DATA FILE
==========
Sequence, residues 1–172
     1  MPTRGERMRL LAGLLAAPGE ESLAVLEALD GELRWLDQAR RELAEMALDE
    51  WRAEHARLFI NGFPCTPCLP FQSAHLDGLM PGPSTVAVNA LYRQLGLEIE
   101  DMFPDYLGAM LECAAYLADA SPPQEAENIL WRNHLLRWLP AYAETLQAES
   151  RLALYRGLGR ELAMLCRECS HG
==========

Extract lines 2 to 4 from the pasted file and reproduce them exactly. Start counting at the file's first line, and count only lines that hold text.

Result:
     1  MPTRGERMRL LAGLLAAPGE ESLAVLEALD GELRWLDQAR RELAEMALDE
    51  WRAEHARLFI NGFPCTPCLP FQSAHLDGLM PGPSTVAVNA LYRQLGLEIE
   101  DMFPDYLGAM LECAAYLADA SPPQEAENIL WRNHLLRWLP AYAETLQAES